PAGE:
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'48 Hours’ presents the crime war in Chicago

Young schoolchildren march against gun violence in Chicago due to the death of 15-year-old Hadiya Pendledon, knowing their lives may be in jeopardy.
Photo by Scott Olson/Getty Images

Late last month the CBS newsmagazine “48 Hours” normally seen Saturday nights at 10/9c previewed crime in the city of Chicago.

According to the program, a six month investigation was done on why and how so much crime resided in this city. The irony about this is that Chicago has been known to be a vehicle of crime; dating back to the 1920s with the mobster Al Capone. But the shameful rate of 500 murders in 2012 now presents itself in largely black neighborhoods where the situation has been out of control. And the 27 people last month during Father’s Day weekend that were shot, two fatally.

The highlight of the program was the death of 15-year-old Hadiya Pendleton, gunned down at a park in January 2013 while under a shelter in the rain with friends. Pendleton, a teenager who was a honor student, a cheerleader and member of the debate team, had a promising future ahead of her. The news about her death went national due to her taking part in President Obama’s second inauguration festivities. The shooting took place just a mile where the Obamas have their residence.

Hadiya’s parents have been on an emotional roller coaster ride since her death. During the program they shared memories of their daughter hoping the tragedy would mean something significant to curb gun violence.

The program also analyzed the drug problem that is an epidemic in the city and gang wars that are fighting over the drug heroin. The drug has also reached the suburbs of Chicago; in which an example was shown of a white female teen who got hooked so badly on heroin her mother threw her out of the house. The girl was using the drug five times a day and stole her father’s wedding ring to support her habit. The girl has since been in rehab four times and is still trying to release herself from the drug she admitted she loved.

Many Chicagoans believed the Pendleton murder, with her attachment in the inaugural activities and First Lady Michelle Obama attending Pendleton’s funeral, put more police on the streets. It was revealed that after two days after the murder, 200 more police patrolled the streets and after two weeks, two black gang members were arrested for Pendleton’s murder.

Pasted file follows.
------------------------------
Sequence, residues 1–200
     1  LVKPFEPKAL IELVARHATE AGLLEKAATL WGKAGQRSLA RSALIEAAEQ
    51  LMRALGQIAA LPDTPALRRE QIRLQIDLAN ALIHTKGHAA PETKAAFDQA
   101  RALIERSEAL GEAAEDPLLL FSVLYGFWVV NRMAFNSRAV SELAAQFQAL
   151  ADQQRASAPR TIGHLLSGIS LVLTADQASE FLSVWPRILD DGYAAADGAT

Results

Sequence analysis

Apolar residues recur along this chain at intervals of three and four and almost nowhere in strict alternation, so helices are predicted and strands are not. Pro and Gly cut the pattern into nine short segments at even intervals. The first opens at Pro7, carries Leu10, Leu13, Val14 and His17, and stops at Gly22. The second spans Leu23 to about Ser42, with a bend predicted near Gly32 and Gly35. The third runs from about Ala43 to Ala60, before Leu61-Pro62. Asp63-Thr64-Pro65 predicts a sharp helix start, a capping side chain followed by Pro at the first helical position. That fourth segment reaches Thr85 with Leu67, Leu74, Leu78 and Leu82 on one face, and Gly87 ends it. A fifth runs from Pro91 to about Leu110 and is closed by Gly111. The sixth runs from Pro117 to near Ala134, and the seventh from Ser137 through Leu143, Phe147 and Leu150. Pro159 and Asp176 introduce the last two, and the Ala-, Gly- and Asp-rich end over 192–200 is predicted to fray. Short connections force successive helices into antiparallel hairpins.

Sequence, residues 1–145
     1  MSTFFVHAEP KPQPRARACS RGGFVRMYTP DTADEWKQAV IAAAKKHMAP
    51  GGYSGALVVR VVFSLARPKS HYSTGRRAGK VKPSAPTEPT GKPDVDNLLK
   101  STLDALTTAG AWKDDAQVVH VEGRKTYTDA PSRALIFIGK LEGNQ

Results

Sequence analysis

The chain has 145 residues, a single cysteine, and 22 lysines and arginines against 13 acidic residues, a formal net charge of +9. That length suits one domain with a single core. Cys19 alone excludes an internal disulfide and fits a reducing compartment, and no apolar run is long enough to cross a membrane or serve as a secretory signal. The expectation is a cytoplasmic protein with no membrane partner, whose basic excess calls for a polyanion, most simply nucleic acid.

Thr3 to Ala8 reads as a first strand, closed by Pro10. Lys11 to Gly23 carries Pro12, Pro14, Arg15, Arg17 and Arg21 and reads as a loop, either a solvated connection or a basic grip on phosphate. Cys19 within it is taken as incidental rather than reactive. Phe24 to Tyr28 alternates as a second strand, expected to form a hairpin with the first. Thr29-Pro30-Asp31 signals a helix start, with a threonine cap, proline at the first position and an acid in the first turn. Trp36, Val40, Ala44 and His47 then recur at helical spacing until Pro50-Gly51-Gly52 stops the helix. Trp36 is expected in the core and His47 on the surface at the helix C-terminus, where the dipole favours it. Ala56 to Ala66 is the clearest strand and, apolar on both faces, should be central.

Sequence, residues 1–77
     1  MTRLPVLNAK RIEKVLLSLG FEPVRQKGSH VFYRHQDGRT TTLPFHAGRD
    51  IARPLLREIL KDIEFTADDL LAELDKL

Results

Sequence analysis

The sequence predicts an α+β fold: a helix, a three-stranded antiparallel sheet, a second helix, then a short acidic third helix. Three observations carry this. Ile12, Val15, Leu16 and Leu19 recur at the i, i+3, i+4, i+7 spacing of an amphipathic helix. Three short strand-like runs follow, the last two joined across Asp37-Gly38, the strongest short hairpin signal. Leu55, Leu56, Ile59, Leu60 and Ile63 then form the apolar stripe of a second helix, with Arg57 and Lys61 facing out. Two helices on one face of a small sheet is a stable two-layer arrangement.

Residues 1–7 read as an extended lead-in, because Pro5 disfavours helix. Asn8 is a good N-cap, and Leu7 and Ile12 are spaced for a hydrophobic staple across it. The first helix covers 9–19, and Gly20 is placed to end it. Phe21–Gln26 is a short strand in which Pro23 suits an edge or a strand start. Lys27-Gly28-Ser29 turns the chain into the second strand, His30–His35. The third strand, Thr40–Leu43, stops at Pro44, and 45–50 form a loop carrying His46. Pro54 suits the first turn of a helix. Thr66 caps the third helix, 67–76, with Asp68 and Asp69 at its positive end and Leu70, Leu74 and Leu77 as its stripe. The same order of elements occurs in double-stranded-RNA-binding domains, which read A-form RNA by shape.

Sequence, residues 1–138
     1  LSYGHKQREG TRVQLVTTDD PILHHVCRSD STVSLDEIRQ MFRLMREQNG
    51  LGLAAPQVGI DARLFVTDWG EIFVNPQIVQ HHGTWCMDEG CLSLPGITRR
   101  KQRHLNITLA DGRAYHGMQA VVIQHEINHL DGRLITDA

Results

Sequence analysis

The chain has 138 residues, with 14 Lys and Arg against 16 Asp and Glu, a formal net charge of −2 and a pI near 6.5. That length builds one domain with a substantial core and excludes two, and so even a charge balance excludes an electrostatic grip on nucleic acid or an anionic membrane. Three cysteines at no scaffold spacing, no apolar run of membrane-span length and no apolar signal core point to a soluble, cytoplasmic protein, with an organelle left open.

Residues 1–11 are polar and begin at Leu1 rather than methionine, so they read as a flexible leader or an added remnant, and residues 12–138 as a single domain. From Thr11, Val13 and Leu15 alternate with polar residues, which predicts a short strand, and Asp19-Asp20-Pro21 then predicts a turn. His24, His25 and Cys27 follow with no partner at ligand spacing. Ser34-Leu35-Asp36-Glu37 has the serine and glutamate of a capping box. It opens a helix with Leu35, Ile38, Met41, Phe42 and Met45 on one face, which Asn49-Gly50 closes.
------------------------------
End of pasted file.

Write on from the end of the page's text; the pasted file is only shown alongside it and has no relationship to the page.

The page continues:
But high profile cases such as this should not stop shortage of policemen on the streets protecting citizens, despite cries in the police department that it would cost millions of dollars. How in the world did the price escalate so high to protect urban cities – particularly those with a large black population?

48 Hours also profiled a black man who stated he was threatened with his life when he tried to stop drug dealers from selling in his neighborhood. He concluded in the interview by saying “I had to do something.”

Many neighborhoods with the majority of people of color live in fear every day because their communities are riddled with drugs, shootings and other clandestine behavior. Many times the police are seen more as a foe rather than a comrade, due to their disrespectful and racist attitudes and behavior. Communities in these situations need to contact their city officials, organize and get to know their neighbors, and form coalitions to make their areas safe for themselves and for children.

The program announced the homicide rate in Chicago has dropped 25%. But in this special and insightful report in two parts called “The Truth About Chicago’s Crime Rates” data collected by police and others involved does not always reveal true numbers. Read the report below.

PBS stations tonight will present a one-hour documentary “Al Capone: Icon” beginning at 8.

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